Alkalinity can be reduced by addition of acid. Keeping alkalinity at the low end of the acceptable range (60 to 180 ppm) can compensate for the gradual accumulation of calcium hardness in water balance (see Section d). Keeping bicarbonate alkalinity low has the fringe benefit of slowing pH increase from normal carbon dioxide loss to the atmosphere.

c. pH

The loss of carbon dioxide to the atmosphere causes the pH of water to rise unless acid is added to the pool. Addition of most acids will result in a gradual increase in TDS, resulting in increased corrosivity of the water. An acceptable pH range is 7.2 to 7.8.


Balancing the pool water using the Langelier Saturation Index (LSI) is especially critical for drought conditions. To compensate for high TDS levels, test for and use the revised TDS correction factors recommended by PHTA for the LSI calculation. Water balance calculations are only as good as the data used. Alkalinity is one of the three most critical factors in determining LSI. Low alkalinity with moderate to high CYA concentrations may be a significant fraction of the alkalinity test result. Any errors in measuring either the total alkalinity or the CYA will significantly impact LSI calculations. Testing errors or interferences will compromise the water balance calculation.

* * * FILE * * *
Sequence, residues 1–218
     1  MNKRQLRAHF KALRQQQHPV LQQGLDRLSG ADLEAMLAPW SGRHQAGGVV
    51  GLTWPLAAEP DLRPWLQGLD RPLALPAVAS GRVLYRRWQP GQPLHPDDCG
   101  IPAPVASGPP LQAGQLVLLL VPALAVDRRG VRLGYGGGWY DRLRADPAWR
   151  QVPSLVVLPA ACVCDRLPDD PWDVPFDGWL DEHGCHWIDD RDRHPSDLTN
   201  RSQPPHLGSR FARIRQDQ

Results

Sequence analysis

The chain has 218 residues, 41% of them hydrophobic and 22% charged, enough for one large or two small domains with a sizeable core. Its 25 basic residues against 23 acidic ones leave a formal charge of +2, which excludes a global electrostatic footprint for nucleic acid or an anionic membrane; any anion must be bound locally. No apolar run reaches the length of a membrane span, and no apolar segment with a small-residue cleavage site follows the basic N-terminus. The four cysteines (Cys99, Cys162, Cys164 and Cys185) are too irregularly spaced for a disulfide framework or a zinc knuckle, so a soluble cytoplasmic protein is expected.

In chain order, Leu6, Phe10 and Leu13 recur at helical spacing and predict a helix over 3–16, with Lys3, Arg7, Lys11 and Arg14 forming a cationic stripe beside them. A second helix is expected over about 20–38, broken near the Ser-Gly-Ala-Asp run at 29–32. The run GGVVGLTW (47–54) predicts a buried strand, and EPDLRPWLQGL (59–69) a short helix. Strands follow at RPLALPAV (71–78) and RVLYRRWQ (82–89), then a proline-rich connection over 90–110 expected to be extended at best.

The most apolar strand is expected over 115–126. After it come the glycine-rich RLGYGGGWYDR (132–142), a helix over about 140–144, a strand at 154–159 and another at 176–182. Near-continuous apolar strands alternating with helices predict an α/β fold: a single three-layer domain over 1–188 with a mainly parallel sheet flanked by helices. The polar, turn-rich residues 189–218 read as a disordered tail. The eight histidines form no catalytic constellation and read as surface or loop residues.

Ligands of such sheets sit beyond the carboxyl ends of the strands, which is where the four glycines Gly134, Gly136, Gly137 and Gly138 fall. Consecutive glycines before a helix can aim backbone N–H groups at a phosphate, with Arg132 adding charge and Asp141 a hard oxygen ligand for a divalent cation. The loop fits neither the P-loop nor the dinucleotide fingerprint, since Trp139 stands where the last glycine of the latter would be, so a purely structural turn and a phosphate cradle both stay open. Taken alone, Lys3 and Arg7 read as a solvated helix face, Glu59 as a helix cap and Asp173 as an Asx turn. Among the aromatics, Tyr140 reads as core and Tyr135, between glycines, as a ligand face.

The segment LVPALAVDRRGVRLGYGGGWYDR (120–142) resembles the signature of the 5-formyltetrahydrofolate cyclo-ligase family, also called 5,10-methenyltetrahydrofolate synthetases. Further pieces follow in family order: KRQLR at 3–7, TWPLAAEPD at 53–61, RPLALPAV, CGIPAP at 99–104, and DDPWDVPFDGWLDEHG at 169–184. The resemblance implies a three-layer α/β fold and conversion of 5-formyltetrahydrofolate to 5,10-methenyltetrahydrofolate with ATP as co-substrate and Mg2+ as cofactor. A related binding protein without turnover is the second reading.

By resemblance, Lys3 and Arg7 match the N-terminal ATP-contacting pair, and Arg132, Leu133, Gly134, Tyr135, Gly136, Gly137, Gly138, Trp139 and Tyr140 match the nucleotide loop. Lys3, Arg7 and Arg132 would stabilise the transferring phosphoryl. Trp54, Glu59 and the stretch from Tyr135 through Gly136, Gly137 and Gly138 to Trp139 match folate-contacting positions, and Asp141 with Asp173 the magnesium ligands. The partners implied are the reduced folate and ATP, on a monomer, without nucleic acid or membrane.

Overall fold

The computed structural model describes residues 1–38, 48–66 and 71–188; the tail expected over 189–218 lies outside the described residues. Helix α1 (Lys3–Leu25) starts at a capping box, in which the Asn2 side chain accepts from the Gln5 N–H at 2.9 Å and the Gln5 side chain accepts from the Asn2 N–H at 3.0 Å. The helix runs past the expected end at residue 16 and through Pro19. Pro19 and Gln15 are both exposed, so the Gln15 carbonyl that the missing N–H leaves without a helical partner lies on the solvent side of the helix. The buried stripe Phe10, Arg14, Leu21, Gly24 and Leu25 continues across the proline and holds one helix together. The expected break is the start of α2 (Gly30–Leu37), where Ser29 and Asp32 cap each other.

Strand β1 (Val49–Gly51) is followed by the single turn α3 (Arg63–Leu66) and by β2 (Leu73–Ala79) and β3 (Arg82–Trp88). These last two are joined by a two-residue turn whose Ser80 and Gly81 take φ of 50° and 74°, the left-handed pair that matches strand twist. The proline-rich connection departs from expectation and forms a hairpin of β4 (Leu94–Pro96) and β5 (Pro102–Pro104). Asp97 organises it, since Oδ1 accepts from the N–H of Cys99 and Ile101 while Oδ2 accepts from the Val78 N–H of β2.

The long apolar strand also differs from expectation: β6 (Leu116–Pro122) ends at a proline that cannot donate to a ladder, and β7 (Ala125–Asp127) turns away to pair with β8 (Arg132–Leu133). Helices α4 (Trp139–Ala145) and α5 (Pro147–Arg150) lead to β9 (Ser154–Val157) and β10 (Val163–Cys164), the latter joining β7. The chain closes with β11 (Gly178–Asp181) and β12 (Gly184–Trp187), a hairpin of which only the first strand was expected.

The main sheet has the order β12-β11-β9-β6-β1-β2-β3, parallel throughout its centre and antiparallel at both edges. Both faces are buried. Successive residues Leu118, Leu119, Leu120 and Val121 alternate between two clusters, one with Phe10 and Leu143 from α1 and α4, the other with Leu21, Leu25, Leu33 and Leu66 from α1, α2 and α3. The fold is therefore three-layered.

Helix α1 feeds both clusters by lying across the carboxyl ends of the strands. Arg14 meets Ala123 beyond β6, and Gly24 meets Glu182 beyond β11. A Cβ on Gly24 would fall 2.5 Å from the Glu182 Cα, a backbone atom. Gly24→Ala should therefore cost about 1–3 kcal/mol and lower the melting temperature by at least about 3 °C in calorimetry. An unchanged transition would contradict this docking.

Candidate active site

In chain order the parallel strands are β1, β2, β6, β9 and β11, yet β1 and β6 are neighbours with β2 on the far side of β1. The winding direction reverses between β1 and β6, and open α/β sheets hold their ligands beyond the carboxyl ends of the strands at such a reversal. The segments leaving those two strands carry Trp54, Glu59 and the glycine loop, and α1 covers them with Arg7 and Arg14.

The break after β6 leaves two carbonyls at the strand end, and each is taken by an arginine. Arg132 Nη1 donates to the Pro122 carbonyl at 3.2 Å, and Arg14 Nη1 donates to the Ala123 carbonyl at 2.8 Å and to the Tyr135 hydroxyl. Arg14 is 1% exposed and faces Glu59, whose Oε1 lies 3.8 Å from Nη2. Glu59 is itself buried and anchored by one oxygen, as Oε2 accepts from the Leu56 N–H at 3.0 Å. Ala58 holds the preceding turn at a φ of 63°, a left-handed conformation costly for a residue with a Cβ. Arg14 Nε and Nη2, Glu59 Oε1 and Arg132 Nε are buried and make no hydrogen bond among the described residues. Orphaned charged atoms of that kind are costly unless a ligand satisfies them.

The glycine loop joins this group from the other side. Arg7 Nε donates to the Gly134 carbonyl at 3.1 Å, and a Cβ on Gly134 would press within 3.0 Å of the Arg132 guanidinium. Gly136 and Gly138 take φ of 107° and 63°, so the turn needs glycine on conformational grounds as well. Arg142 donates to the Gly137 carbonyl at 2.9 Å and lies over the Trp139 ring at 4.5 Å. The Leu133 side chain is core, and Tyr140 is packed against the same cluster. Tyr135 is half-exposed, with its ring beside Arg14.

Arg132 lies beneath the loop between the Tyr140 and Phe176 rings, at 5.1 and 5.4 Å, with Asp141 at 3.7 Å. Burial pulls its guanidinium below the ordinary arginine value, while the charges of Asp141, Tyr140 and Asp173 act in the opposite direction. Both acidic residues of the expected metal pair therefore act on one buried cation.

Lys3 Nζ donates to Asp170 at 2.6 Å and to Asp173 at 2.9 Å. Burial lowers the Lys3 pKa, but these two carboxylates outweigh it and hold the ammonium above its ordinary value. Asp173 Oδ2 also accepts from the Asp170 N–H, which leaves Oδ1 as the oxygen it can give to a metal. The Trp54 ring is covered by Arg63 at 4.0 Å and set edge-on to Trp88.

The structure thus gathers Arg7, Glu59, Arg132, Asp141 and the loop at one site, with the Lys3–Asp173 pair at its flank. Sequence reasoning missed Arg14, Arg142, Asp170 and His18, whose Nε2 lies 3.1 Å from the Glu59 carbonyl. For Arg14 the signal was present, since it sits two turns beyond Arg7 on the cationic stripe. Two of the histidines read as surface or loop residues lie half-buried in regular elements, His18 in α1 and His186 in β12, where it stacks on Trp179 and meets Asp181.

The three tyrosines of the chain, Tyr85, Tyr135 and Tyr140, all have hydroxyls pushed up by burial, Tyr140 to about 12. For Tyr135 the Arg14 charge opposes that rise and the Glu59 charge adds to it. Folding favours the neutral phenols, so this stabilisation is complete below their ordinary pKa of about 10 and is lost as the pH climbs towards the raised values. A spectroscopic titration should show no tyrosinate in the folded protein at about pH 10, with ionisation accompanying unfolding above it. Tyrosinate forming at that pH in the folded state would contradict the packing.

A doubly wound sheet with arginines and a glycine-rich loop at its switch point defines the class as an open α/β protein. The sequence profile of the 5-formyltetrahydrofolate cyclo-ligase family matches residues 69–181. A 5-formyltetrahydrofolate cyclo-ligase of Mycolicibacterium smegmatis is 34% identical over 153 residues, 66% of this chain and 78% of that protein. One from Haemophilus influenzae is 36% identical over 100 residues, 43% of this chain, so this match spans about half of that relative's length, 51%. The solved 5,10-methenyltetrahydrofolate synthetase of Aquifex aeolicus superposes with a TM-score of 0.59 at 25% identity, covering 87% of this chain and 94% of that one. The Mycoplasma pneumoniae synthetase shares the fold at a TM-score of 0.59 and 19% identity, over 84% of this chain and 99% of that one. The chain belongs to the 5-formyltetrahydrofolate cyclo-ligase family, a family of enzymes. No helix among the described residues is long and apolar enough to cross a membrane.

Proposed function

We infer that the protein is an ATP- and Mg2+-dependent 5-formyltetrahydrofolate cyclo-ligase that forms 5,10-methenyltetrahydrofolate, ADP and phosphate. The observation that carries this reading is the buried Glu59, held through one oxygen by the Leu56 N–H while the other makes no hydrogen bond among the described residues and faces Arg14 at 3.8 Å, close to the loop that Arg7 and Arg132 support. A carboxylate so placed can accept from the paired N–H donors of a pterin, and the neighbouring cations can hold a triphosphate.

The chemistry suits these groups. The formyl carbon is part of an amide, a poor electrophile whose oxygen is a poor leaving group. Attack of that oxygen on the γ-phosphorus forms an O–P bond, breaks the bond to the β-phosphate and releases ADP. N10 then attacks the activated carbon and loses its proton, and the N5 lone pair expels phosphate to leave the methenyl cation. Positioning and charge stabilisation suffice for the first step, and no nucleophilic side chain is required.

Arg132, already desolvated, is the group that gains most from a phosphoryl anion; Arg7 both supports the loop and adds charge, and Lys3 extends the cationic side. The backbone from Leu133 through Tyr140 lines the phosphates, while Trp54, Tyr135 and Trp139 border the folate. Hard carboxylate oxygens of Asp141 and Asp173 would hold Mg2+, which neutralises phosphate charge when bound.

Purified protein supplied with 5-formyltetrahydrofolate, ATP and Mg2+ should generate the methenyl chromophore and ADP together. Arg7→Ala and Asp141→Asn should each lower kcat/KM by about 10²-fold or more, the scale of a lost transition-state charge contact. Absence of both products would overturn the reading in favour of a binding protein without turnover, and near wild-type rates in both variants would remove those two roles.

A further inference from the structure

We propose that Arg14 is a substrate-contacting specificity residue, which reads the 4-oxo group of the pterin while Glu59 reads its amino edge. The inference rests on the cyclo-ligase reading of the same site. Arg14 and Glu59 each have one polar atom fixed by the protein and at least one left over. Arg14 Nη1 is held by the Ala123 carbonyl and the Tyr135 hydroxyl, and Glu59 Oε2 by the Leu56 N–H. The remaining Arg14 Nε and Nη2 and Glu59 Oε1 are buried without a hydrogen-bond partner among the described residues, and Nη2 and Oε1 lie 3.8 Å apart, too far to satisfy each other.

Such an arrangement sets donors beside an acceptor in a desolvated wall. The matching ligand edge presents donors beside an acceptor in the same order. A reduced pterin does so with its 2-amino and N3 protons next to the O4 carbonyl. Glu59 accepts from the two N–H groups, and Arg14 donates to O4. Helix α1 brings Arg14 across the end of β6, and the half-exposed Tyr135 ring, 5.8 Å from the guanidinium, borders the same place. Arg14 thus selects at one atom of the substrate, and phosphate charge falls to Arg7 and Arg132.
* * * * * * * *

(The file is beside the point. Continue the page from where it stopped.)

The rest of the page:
Chlorine and bromine disinfectants react with microorganisms and other substances in the water to form disinfection by-products (DBP). DBPs are categorized into three major classes: inorganic by-products, organic oxidation by-products, and halogenated organic by-products. While thousands of DBPs are known, many have not been fully identified. Common DBPs include trihalomethanes (THMs), haloacetic acids (HAAs), chlorates and bromates. Many factors, including type of organic matter, the type and concentration of oxidizing disinfectant, the presence of other inorganic ions, temperature, and pH affect the composition of DBPs. Elevated concentrations of halogenated DBPs have been associated with increased health risks. It is important to prevent their accumulation.